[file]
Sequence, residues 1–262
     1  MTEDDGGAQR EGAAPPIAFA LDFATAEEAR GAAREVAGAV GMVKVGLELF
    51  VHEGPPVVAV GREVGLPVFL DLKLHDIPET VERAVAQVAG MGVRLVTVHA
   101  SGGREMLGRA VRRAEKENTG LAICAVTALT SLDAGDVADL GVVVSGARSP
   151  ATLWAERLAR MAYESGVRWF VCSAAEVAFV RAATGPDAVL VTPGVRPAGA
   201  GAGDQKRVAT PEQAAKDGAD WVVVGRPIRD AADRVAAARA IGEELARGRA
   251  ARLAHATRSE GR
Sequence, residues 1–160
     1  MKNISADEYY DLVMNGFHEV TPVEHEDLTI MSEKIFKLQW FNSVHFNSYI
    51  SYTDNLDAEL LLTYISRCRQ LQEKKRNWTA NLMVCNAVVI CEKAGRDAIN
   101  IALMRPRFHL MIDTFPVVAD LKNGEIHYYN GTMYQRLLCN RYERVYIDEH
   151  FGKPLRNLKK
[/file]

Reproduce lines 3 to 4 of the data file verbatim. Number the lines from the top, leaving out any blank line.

    51  VHEGPPVVAV GREVGLPVFL DLKLHDIPET VERAVAQVAG MGVRLVTVHA
   101  SGGREMLGRA VRRAEKENTG LAICAVTALT SLDAGDVADL GVVVSGARSP